Galesburg Register-Mail from Galesburg, Illinois on August 8, 1973 · Page 15
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Galesburg Register-Mail from Galesburg, Illinois · Page 15

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Galesburg, Illinois
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Wednesday, August 8, 1973
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Page 15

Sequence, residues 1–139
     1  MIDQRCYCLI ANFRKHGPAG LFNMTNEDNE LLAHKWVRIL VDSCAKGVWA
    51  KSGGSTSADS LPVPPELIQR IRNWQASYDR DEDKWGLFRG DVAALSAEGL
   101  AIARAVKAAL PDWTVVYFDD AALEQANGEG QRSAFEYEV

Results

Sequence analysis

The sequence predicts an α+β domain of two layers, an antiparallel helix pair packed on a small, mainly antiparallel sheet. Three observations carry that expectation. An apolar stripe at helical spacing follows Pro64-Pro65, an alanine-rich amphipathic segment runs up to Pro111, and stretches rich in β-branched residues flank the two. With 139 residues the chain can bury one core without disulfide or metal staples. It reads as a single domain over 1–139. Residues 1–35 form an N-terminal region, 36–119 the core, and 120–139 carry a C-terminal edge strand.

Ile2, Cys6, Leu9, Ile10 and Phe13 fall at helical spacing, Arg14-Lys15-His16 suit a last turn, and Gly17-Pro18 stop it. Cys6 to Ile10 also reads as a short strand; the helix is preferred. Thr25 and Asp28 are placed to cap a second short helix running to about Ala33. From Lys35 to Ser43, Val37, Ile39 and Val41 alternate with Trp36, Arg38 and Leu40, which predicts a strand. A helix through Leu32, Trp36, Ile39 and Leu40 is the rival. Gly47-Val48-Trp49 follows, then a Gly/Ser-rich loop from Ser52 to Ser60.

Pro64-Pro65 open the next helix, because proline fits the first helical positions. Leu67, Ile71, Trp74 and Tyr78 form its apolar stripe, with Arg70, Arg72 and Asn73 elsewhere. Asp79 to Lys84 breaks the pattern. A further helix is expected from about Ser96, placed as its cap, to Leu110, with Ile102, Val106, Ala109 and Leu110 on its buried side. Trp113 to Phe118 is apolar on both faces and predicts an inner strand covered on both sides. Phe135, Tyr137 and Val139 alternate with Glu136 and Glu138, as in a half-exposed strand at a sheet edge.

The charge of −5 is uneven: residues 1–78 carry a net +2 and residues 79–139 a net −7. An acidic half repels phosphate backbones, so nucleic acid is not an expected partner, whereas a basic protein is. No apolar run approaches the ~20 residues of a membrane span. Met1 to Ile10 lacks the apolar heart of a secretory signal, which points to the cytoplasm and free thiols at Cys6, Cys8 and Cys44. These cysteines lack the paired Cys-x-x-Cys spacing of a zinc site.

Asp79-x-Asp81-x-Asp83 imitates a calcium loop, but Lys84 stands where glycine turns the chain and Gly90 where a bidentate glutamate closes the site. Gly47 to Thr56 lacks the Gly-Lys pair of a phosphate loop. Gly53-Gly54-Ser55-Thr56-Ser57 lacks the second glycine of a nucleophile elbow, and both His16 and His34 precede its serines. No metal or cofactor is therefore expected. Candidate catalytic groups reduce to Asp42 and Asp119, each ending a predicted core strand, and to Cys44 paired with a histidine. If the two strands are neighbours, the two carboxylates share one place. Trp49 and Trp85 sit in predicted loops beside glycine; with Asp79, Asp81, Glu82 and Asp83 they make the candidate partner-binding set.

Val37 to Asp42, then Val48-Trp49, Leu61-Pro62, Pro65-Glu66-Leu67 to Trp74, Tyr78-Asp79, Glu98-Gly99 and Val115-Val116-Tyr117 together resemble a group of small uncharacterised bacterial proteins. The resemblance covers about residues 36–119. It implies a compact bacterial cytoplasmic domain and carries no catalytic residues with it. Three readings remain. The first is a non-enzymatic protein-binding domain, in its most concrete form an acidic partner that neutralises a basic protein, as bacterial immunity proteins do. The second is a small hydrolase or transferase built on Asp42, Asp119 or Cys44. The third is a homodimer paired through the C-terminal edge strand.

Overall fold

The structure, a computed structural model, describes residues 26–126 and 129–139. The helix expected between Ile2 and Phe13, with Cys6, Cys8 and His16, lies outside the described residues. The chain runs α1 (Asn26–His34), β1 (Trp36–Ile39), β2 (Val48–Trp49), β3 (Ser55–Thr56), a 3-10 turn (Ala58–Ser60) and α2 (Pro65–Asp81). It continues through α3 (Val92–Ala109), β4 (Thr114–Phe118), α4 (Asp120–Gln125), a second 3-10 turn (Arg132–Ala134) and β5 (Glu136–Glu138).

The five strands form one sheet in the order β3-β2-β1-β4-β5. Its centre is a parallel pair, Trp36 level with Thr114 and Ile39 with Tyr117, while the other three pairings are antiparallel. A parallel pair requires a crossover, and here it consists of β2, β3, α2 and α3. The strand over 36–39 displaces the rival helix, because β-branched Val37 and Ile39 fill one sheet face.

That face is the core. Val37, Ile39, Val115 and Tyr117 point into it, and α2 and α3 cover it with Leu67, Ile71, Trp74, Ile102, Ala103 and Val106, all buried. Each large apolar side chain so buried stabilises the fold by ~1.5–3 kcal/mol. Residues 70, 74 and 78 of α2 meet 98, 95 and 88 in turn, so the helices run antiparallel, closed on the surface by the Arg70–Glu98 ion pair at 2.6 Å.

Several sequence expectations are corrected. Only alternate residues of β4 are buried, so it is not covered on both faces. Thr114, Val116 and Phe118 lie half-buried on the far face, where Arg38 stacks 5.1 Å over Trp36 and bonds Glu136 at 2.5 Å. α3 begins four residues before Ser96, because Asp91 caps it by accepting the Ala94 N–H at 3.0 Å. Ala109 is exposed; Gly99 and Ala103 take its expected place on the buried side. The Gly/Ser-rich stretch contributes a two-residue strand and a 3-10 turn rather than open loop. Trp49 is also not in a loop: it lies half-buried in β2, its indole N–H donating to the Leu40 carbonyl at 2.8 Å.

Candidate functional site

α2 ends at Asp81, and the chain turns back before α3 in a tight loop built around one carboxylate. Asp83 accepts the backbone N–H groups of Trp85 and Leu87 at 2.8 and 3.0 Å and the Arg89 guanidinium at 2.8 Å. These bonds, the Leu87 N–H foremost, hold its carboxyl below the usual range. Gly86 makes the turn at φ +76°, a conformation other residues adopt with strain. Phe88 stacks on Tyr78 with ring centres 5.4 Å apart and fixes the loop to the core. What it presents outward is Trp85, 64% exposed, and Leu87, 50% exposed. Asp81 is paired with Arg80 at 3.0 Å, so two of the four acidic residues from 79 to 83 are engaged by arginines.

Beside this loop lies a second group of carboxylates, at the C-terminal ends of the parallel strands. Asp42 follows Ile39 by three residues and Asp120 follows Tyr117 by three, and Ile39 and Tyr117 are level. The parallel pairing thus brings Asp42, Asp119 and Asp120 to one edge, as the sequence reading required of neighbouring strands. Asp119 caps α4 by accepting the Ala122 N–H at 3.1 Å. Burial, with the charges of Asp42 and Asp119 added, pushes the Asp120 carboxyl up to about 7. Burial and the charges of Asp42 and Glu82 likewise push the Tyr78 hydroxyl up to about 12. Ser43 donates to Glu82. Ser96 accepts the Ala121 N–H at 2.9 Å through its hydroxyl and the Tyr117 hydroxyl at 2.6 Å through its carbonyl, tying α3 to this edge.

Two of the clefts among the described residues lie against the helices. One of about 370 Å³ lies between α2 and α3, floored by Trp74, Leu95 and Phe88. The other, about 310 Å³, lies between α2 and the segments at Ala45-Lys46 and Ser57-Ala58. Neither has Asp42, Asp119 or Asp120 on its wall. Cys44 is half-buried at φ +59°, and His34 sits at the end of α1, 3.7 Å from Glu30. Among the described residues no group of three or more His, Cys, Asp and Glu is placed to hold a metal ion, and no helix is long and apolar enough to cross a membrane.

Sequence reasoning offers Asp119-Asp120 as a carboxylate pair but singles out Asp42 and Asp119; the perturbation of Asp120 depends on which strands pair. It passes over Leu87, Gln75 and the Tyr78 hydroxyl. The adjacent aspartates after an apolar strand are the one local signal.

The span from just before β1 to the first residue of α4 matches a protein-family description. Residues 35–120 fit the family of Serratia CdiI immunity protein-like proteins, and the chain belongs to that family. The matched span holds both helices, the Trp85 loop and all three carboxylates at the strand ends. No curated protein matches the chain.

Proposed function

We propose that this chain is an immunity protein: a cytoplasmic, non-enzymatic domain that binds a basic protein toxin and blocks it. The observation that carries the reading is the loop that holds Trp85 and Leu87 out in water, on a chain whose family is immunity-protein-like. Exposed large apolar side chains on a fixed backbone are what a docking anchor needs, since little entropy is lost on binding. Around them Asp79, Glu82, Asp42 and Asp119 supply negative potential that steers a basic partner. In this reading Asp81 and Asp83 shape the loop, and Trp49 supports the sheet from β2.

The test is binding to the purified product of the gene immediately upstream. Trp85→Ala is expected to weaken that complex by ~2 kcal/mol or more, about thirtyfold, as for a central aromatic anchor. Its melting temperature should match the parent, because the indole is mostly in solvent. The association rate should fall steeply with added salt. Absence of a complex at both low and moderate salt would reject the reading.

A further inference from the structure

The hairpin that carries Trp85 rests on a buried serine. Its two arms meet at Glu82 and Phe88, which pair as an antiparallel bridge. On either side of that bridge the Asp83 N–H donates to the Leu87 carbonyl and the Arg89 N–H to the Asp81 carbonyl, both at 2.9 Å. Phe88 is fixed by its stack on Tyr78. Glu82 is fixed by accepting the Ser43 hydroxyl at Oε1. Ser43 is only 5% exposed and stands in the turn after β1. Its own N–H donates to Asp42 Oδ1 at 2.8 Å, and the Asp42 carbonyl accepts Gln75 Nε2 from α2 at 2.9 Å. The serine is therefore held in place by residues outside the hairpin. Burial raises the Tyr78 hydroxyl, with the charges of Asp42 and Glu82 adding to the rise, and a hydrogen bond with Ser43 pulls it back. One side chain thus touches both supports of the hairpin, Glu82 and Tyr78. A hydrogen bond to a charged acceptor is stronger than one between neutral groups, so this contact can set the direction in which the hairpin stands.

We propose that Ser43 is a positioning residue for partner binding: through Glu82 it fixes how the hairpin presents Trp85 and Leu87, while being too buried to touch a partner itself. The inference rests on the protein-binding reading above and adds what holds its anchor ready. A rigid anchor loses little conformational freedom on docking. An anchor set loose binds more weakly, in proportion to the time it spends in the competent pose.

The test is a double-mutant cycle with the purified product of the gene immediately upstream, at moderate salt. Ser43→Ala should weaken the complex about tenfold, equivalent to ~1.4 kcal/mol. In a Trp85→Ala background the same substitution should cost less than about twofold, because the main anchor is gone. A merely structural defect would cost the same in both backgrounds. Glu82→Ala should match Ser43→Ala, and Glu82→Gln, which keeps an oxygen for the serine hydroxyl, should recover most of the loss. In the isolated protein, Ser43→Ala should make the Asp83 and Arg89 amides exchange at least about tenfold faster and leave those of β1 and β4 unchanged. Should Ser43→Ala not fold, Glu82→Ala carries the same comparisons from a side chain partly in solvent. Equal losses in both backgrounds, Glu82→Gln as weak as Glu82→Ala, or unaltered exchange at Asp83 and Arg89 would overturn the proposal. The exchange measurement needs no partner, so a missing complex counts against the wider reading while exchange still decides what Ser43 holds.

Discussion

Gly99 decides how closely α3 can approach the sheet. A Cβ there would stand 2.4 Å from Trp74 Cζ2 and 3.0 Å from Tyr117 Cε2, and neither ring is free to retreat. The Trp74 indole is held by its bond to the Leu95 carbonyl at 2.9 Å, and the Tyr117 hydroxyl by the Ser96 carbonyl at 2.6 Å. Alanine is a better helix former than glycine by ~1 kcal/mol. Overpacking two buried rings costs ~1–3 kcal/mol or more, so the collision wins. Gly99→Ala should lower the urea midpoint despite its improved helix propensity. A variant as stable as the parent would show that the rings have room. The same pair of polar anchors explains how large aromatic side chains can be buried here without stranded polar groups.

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\6 Gdlgsburo ftiaistfr-Moil, Golesburg, 111. Wednesday, Aufl. 8, 1973 & By RICHARD C. (m <*S HAIFA, Israel (IJPiji - An Elisraett scientist h«i come up plrtth a way to raftove the salt Ifrem sea water at less cost, he •desserts, than ever before. Cheaper WayTo Desalinate Sea Water Science Today & The scientist is l*o£ ^Ap-aham Kogan, who is trying •-^'to rid Israel of a serious T^ : pn)blefn--<iwindljng supplies of Sfresh water. To do «hat, he is convert** up to 8,000 gallons of sea wnfr io ran wnter a oay in a towering, erector set-like skeleton of steel girders. His is a pilot plant, built at a cost of $120,009 with government backing. Kogan said its success will lead to construction of another pilot desalination plant in 18 months wtti 10 times the capacity. He said the desalination process, begun » 19*9 in the industrial area of Israel's third cheaper anything tried in the field so far and could influence Israel's agricultural and industrial future. Simple Process The ordblem with other i involved. Kogan, a profc«w of aeronautical engineering at the Techntoh Institute of Tech* nology, is said to have cut the price of taking the salt out of sea water by 25 to 30 per cent. -— , The desalination process is as ™,desalination methods .now in'simple as boiling water, but to operation in the United States make it workable it has to be and in Israel is the expense I done on a big scale. In gFor Scholarships Junior College's Foundation ^Establishes Goal of $30,000 conventional plants, sea water is pumped in, boiled and run through a trough. Cold sea water is run in copper pipes above the trough. When the steam from the hot water touches the colder pipes, the vapor condenses and, in effect, it rains inside the plant. Big pans catch the "rain," which has become fresh water stt» the saM is not carried away by the vapora. One-Third Cfceaser What Kogm has done is to run two troughs virtually alongside each other, though it's easier said titan done. One trough carries hot sea water, the other cokt fresh water. ' The water M ttt taught run in opponiv siroi) w* iwo inana pesssiBj ani onwr, bteaitti it li impBrtai* tolejep tilt hottest water alongside the COMMSI m aenssrc mamnaim results. . : When the vapor from the hot sea water touches Kit colder air above uw COM irean waser <^ftmKtHX, OMMniCi 1 'just it did on the pipes in th, caiventlonai process. Thusl deaallmtton^ithout piping. "It win cost us 24 or 25 cents par 1,000 gattont to produce the water in a 80 million gallon-a< lay plant," Kogan said.l "That's one-third cheaper than] anything else in the world." C The Carl Sandburg College C Foundation's Board of Trustees ^ hopes to raise 830,000 for scholarships for the 1973*74 academic •4- year. J. During July, the foundation - received approximately 85,000 toward the goal. Last year, 41 donors contributed 8X0,200 to the : foundation's scholarship fund to j provide financial aid for 61 vTlSandburg students. I * Other action taken at the Cotrustees' quarterly meeting last c "*month included: •~'Z —Authorization to print a new • brochure providing general in- formation and summarizing the C "foundation's activity to date. j —Authorisation to print certificates to be awarded to founda- lion donors. '£ —Filing the annual report of ;Z foundation activities with the Il­ linois secretary Of state. Information was also presented concerning withdrawal of federal support from Sandburg's Adult Learning Center. For over two years the center has provided pre-secondary and secondary instruction to adults in the area. The board appointed a committee to explore possible financial support for the center from the college foundation. The Sandburg Foundation is a non-profit Illinois corporation which gives financial assistance to students who would otherwise be unable to attend college. The foundation gives scholarships and grants and is viewed as supplementary to the efforts of family and student. Financial aid is awarded to students on the basis of need, academic achievement, character and promise. Sandburg College Will Offer Afro-American Credit Course B- Carl Sandburg College will of- p fer credit in Afro-American his- lt tory through the College-Level §H Examination Program (CLEP). CLEP Is a national program £t of credit by examination which has enabled thousands of peril^ sons to receive college credit for learning acquired, outside of the ~Z. classroom. The Afro-American history if~ test was constructed under the 2, direction of a committee of black educators in conjunction £ with the Educational Testing £> Service, Princeton, N.J. It will is£ be available for the first time j£ this month at approximately £ 650 CLEP test centers through­ ly out the country, including Sandburg. The test is designed to measure knowledge and understand' ing of material usually covered in a 1-semester survey course in Afro-American history, including African history prior to colonial America, the black experience from Colonial America to 1900, and the period of the 20th century. In addition to 34 CLEP subject examinations, there are five general examinations covering the basic liberal arts curriculum taught during the freshman and sophomore years of college. CLEP tests are open to anyone who feels that he can pass a college-level test, regardless of how he gained the required knowledge. GI Benefits Running Out :iFor Vets Released Before 9 66 ^ Veterans who were released — from military service between ~' Jan.~31, 1955, and June 1, 1966, will not be eligible to receive ~ GI BUI benefits after May 31, ~ 1974, according to K. G. Klinck, — director of student personnel C! services at Carl Sandburg College. Klinck said that the GI Bill of .^966 extended eligibility to those ••^'veterans until the 1974 date. Vet- -*erans released after June 1, 'X 1966, are eligible to receive bon- i efits until eight years after their discharge date. Klinck pointed out that voter- -^ans may also be eligible for the "•^Ufoois Military Scbotafain. xwbktt paya tuttion and fees for ~ipp lo four yaara of achooiTfas schoianttp b hi effect for f our calendar years from at veteran's t date of dtscharge but may be ' extended up to six years because of sickness or financial diffi- VT cuilty. To qualify for the military — scholarship, a veteran must • have been a resident of Illinois '; for at least one year prior to the date of application, must -, have returned to Illinois within six months after discharge, r, must have been a resident of Illinois at the time of enlistment T'or induction, and must have PAT OVIRWIIGHT TIN Odrintx Plan can help you b#com» thi slim trim person that you woukj likt to be. Odrinex has been used successfully by thousands all over the country (or 14 y«*rs. Get rid of excess (it and livs longer. Odrintx is * tiny tablet end easily swillowid .Contsinsnodsngerousdrugs. No sttrving. No special exercises. OdiiMi PUn costs $3.25 and the large economy size $5.25- You must lose ugly (at or your money will be refunded. No questions sskid- Accept no substitutes. Sold with this guarantee by: served at least one year on active duty and received a discharge other than dishonorable. Hangs by Neck For 18 Hours In Elevator MANCHESTER, England (UPI) — Kevin McGough is lucky and knows it. The 18-year-old workman d'"-grd by his nsek for 18 hours in the shaft of a dumb waiter before he was rescued Tuesday by firemen. "I thought I had broken my neck," ha said. McGough dipped and was caught by the neck Monday by a cable when he went down a shaft at a demolition- site to retrieve a boot. "The lift (elevator) slipped and trapped me by the neck," he said. "I had a hard job to breathe and every time I moved, it got tighter." He said he shouted for help until he was hoarse, but no one heard him. Then, he said, he fell asleep. When finally called to the scene, firemen said they were afraid they would break McGougb's neck while removing him. "It was a very delicate operation," fireman Alan Murphy said, "because we had to irske sure that nothing fell on him and that his body did not slip and hang him." Two firemen climbed into the shaft with a special hydraulic jacking gear and freed McGough. "His injuries were minor, a few bruises around his face and neck," Murphy said. '"He was an excellent patient for us. He didn't shout or scream and in fact did not complain at all." OT. Johnson Co., Gafoiiburg's Gr««ffif Sfora Sfnea H62I It Your Thinking, B$cHo-School Save $ 3 or $ 4 Special COATS This is a w#sh«ble coat of thick, soft acrylic pile lined with quilted polyester. The hood is also lined. Trimmed with contrasting fur­ like pile. See it in Navy or Brown. Size 4-6x Reg. $27.00 $24 00 Size 7-14 Reg. $29.00 $25°° O.T.'s Second Floor Save up to $ 4°° Boy's 4 to 16 Casual Just in time for back to school. Some are cuffed flares in brushed denim stripes, others in Hopsack flares or brushed corduroy. A variety of styles and colors in Regulars and Slims. Size 4-16 Reg. to $8.00 O.T.'s Streat Floor GIRL'S SLIP-OVER SWEATERS Washable acrylic. The layered look . . . cardigan/turtleneck effect. 2 -tone or solid and multi. GIRL'S V-NECK CARDIGANS Washable acrylic in Red, Gold, Creme or White trimmed with pearly buttons. Ribbed knit. DONMOOR KNIT SHIRTS Mock crew or turtleneck knits in Navy, Brown or Burgandy. Some are zippered. Sizes: 4 -20. Sixe 7.14 $10.00 Volga » 7 « Size 4-6x Size 7-14 7.00 '8.00 $ 4" Up GIRL'S STRETCH BODY SUITS The timely team-mate for school slacks. Long sleeves and turtleneck in White, Gold, Red, Navy. $490 R»j. $6.00 *f GIRL'S SLACKS SAVE M.10 Washable slacks for school. Soft brushed finish in bright plaids and glowing solid colors. GIRL'S KNIT SKIRTS Kick pleat skirts in acrylic and polyester knit. Choice of great colors. Washable, yes. DONMOOR SLEEVELESS VESTS Vests for the layered look in Checks, Plaids and Solids. Rust Brown, Gold, Navy. Sizes: 4 -20. CARTER'S BIKINI PANTIES Soft, combed cotton knit in White or bright pastels. Sizes: 8 to 16. Stock-up now. Sixe 704 Reg. $8.00 $£90 Size 4'6x Size 7-14 *6.00 '8.00 $325 Up Pkg. of $900 O.T.'s SICONP FLOOR O.T .'s SECOND FLOOR O.T.'s STRUT FLOOR O.T .'s SECOND FIOOR READ THE WANT ADS! 4 -el 1